Posts Tagged ‘division and union’

2 Maccabees 15: Battle – Part II

José Teófilo de Jesus: A morte de Judas Macabeu – The Death of Judas Maccabeus

Wednesday, March 7, 2018

It is not through arms but through the Lord’s decision that victory is won by those who deserve it. 

We know when God joins the battle because we do not see more power, more might or more strength. When we enter the skirmish with God, there is always a call to unity.  That struggle is always the endeavor to heal, restore and reunite.  That fight is fought in the open in the plain light of day rather than in back alleys or under cover of darkness.  We know that the skirmish has God’s blessing when we see the good fruit that is born to replace the rotting fruit of evil.

It is not through arms but through the Lord’s decision that victory is won by those who deserve it. 

When we are confounded by choices, when we feel overcome by something larger than ourselves, when we are anxious about an outcome, we must look to the Lord.  The outcome of the battle between dark and light will be eternal and life-giving.  The result of a clash into which God enters will sustain and heal.

It is not through arms but through the Lord’s decision that victory is won by those who deserve it. 

Tomorrow, God’s armor.

Written on February 28, 2009. 

Image from: https://en.wikipedia.org/wiki/Judas_Maccabeus

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Mark 14:12-16: Preparation of the Dwelling Placebread-and-wine

Corpus Christi Sunday, June 7, 2015

The Feast of Corpus Christi is a celebration of Christ’s presence in the world in a very special way. Today we read and reflect on how Jesus – he who is the son of the living God – prepares for and celebrates a day when God has saved us all.  We might forget this easily unless we remind ourselves often that we need not struggle with the world.  Our only struggle is with our own stubbornness or wilfulness when we refuse to hand over our suffering to God.

Some of us think of our meeting with God as taking place in some foggy future just after we die; there are many stories, novels, plays, films and poetry about how we humans shed our mortal skin and meet with our creator to make an accounting of all that we have done – or not done – on earth.  We forget that God is with us constantly, seeing all that we do, available for a conversation, able to give advice, loving us into goodness.  We ought not hesitate in preparing a chair for God, a bed for Jesus, a meal or conversation to share with the Spirit.

Everything we have heard about the story of our salvation is good news; yet we hesitate to believe.

Everything we have seen about the story of our rescue is about our new freedom; yet we hesitate to hope.

Everything we have known about the living presence of the Christ is immediate and irrefutable; yet we hesitate to join God in this union of love.

We must prepare a place today in which we can find Christ and spend time with him in an honest, authentic dialog about both our worries and joys. If we have a special place where we find God’s presence readily, let us remain a few moments longer than usual . . . and let us thank Christ for the gift of mystery that keeps us close and questioning. Let us thank God for the gift of life that brings us eternal peace. And let us determine more than ever to live as fully as we might in the Spirit. For all of this, let us prepare ourselves to accept this miracle of Corpus Christi, this mysterious, wonderful, singular dwelling place where for each of us in our own time and in our own way . . . body and spirit are one.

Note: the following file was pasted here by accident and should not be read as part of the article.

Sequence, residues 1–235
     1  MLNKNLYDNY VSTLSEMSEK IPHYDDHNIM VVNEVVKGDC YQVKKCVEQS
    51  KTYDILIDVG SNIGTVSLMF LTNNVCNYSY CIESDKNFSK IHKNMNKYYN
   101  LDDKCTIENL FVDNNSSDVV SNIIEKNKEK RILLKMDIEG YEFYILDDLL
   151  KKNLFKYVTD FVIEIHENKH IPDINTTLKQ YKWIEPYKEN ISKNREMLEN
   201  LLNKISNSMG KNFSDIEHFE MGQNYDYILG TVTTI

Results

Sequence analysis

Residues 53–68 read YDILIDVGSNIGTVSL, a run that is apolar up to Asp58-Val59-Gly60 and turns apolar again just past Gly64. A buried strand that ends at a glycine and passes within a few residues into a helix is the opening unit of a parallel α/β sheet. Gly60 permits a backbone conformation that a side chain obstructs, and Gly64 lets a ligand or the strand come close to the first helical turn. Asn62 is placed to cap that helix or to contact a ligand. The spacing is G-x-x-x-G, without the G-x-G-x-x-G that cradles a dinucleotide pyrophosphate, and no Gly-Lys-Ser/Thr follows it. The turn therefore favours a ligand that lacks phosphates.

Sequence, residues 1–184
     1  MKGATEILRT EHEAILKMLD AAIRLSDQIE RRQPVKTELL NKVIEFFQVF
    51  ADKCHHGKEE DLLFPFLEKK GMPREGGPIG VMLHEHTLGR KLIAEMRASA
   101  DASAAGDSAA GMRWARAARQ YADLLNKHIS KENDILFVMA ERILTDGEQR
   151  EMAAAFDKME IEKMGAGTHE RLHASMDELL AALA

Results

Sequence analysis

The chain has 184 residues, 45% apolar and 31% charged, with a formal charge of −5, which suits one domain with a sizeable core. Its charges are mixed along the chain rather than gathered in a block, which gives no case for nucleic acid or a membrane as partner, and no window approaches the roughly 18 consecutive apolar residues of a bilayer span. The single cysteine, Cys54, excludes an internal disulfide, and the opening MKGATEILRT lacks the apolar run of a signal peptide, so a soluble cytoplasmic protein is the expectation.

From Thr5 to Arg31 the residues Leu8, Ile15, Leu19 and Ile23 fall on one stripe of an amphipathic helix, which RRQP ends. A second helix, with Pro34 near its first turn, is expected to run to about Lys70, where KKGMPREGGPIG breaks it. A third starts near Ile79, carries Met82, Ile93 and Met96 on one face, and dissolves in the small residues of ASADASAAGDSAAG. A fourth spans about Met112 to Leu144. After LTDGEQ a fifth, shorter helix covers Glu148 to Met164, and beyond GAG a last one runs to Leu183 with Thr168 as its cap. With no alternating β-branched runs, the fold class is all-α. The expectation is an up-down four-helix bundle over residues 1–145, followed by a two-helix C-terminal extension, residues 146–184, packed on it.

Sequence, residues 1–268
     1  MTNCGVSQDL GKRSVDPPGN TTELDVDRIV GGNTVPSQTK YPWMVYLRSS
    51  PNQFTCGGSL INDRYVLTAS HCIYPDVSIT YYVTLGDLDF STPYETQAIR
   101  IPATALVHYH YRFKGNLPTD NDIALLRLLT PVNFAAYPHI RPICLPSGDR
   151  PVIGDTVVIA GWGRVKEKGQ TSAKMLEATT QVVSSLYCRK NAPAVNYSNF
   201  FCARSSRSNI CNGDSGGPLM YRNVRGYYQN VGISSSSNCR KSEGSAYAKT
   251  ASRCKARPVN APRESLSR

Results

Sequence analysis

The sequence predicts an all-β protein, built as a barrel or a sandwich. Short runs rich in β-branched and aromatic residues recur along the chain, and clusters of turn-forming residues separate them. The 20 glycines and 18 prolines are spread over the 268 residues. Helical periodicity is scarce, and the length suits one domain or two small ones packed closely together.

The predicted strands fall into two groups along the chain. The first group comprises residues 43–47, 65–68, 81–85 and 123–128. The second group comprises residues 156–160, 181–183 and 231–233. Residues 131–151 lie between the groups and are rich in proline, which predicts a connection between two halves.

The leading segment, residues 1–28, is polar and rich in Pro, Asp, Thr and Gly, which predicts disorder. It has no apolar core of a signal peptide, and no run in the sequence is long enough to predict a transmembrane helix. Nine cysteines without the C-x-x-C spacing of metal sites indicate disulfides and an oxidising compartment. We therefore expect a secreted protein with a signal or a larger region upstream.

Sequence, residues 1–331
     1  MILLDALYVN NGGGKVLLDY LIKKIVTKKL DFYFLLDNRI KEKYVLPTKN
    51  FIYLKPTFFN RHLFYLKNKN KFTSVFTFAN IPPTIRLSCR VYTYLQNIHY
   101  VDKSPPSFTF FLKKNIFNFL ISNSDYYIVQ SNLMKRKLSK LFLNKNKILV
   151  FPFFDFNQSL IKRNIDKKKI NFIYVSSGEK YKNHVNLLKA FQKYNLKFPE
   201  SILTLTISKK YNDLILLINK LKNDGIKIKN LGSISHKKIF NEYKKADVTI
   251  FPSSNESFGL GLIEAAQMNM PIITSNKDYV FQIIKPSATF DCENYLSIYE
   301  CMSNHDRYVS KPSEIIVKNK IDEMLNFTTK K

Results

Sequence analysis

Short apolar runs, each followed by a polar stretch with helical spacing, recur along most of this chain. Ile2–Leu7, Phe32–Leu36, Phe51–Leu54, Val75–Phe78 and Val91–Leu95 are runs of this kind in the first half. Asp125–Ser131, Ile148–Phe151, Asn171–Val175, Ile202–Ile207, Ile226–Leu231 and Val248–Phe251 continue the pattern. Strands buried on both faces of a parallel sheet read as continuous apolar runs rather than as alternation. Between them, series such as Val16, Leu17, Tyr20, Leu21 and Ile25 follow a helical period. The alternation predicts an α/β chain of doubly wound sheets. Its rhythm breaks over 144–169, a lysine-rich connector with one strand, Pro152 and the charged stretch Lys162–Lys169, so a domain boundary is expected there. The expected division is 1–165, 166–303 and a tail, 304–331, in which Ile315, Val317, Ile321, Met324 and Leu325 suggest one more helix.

Adapted from a reflection written on May 10, 2010.

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Thursday, August 15, 2013

two-edged-sword[1]Revelation 1:16

Cleaving God’s Word

In his right hand [the son of man] held seven stars. A sharp, two-edged sword came out of his mouth, and his face shone like the sun at its brightest. 

Commentary tells us that the seven stars represent the pagan authority over the world in which the writer, John of Patmos, lived.  The sword refers to the Word of God.  The shining face represents the divine mystery of Christ. (Senior cf. 401)

God says: Like the vineyard owner who sends his son to gather the rent, I have sent my own son among you for your acceptance of rejection.  This son is My Word to you.  His actions are mine.  His love is mine.  All that he is and all that he does speak My Word and in this he is constant and faithful.  Sometimes he brings you fire.  Sometimes he brings you tranquility.  Always he brings you justice tempered with mercy, mercy enacted through justice yet it is not always easy to hear this word.  My son always brings you healing.  Always brings you transformation. Always brings prudence and persistence.  This double edge may be difficult for some to understand yet it describes my son’s nature and thus my nature.  It both divides and unites.  It harvests where it can.  Live by the word brought to you on this double edge.  Imitate this two-edged sword as best you can for it is in this fusion of two worlds that you find me. It is in the inversion of your world that you best feel my presence.

In Ephesians 6:17 Paul writes of this sword of the spirit, the word of God, that sings as it completes the armor of the steadfast servant.  As we arm ourselves today and all days to go into the world, let us remember that God’s word cleaves the faithful – it both divides and unites.  Let us spend time with God today to determine how we react to the fire and restoration brought to us by the two-edged sword of God’s Word.

Senior, Donald, ed. THE CATHOLIC STUDY BIBLE. New York, Oxford University Press, 1990. 401. Print.   

The Parable of the Tenants: Matthew 21:33-46

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